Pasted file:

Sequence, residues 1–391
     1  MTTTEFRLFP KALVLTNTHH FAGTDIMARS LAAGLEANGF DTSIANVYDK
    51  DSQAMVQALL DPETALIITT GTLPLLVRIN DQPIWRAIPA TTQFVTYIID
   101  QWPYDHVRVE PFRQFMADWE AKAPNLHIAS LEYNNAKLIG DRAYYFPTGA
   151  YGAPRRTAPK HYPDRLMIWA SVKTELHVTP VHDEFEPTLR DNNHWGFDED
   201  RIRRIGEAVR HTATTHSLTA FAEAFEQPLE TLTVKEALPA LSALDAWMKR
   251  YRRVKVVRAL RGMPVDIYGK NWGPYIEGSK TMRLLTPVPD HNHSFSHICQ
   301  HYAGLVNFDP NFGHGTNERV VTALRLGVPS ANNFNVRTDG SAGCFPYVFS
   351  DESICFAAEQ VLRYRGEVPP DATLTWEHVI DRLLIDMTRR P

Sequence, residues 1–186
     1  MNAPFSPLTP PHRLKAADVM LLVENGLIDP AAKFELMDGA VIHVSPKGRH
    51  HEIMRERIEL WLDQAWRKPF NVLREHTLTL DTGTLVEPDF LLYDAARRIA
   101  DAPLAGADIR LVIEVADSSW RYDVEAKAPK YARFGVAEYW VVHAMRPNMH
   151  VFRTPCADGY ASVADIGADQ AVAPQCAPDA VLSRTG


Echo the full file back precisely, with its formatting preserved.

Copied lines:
Sequence, residues 1–391
     1  MTTTEFRLFP KALVLTNTHH FAGTDIMARS LAAGLEANGF DTSIANVYDK
    51  DSQAMVQALL DPETALIITT GTLPLLVRIN DQPIWRAIPA TTQFVTYIID
   101  QWPYDHVRVE PFRQFMADWE AKAPNLHIAS LEYNNAKLIG DRAYYFPTGA
   151  YGAPRRTAPK HYPDRLMIWA SVKTELHVTP VHDEFEPTLR DNNHWGFDED
   201  RIRRIGEAVR HTATTHSLTA FAEAFEQPLE TLTVKEALPA LSALDAWMKR
   251  YRRVKVVRAL RGMPVDIYGK NWGPYIEGSK TMRLLTPVPD HNHSFSHICQ
   301  HYAGLVNFDP NFGHGTNERV VTALRLGVPS ANNFNVRTDG SAGCFPYVFS
   351  DESICFAAEQ VLRYRGEVPP DATLTWEHVI DRLLIDMTRR P

Sequence, residues 1–186
     1  MNAPFSPLTP PHRLKAADVM LLVENGLIDP AAKFELMDGA VIHVSPKGRH
    51  HEIMRERIEL WLDQAWRKPF NVLREHTLTL DTGTLVEPDF LLYDAARRIA
   101  DAPLAGADIR LVIEVADSSW RYDVEAKAPK YARFGVAEYW VVHAMRPNMH
   151  VFRTPCADGY ASVADIGADQ AVAPQCAPDA VLSRTG